Back to the Samas. Maybe the entire event took such a political turn because our president attended for the first time, and presenters and award winners maybe felt the need to make sure he knew exactly how bad they "want the land back". 

Apart from the presenters who didn't speak English for about 95% of the time, every second award winner tried to make some kind of political statement about getting the land back. Even when one of the presenters arrived in a typical Boer Safari suit, getting the crowd to chant with him, "we want the land back", "we want the land back", I still had hope that this was only in jest, although I did suspect that the crowd meant every word they said. 

The lowest point of the evening though, was when a Radio Sonder Grense presenter started speaking in Afrikaans and the crowd started jeering and booing loudly. This is where it dawned on me that something was terribly wrong. 

I felt proud that the Afrikaans speaking winners, in fact, only spoke English in their broken Afrikaans accents and when Francois van Coke gave the presenter a kiss backstage I thought that was great and at least told a story of the attitude of most Afrikaans people in this changing country of ours. I didn't realise it at the time but that weird, uneasy feeling I had when walking out of the auditorium was the first time ever I had felt unwelcome in my own country.

Now this is probably the point where you are thinking, "That is exactly how 90% of the country felt during apartheid" (and I am tempted to add in there "up until now"). And I get that. That is why it is so hard to write this letter. 

My first thought during the weekend was how absolutely horrible it felt not to feel welcome because of your language or skin colour, and that is probably something that every white South African needs to experience to understand exactly how bad apartheid, and the effect of forcing people to speak your language, was.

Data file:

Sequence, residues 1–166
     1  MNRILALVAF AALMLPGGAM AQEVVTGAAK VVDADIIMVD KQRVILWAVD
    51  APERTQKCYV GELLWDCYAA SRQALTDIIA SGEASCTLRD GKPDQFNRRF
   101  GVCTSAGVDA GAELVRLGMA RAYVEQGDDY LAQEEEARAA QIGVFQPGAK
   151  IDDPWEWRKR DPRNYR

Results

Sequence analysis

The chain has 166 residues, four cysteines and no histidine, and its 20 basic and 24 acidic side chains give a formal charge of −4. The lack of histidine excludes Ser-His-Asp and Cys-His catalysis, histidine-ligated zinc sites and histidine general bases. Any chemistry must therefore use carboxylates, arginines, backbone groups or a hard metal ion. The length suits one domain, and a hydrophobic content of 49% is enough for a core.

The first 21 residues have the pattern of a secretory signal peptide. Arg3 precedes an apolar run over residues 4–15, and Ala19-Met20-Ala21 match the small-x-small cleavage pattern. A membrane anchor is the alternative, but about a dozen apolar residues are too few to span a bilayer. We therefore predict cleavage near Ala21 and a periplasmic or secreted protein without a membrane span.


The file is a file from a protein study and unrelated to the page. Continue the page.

It is a terrible feeling. But still, seeing that I am always the naïve, positive one among my friends who defends the ANC fairly easily when it comes to the way they are dealing with the land issue, I just need to say this out loud. In the same way AfriForum, Steve Hofmeyr, Julius Malema and the like are dealing with our country's current situation is not the right way to go about things, what I experienced this weekend was also not right. 

Surely, the only way for us to create a better, more equal and sustainable future for everyone is to be inclusive in how we approach big events like these, to respect all cultures and give them the space to be a voice in South Africa; and to as far as possible keep politics out of a place where artists are putting their hearts and lives on the table for other to scrutinise and comment on. 

As I said in the beginning, maybe I am indeed not as liberal as I thought. And maybe I am indeed way more sensitive than I thought and most of the jeering and land remarks were made in jest. More importantly, maybe this is just how it feels to be part of a society where you are in the 8% minority. 

If that is the case I am open to learning and changing. I will even change my culture if needs be as I believe it is something way more fluid than most Afrikaans people would like to believe. But even then it doesn't take away from the fact that somewhere in my gut, something felt terribly wrong during #SAMA24.

Here's to a better #SAMA25!

Peace and love.

Gideon

Disclaimer: News24 encourages freedom of speech and the expression of diverse views. The views of columnists published on News24 are therefore their own and do not necessarily represent the views of News24.

Read more on:    samas  |  cyril rama­phosa  |  land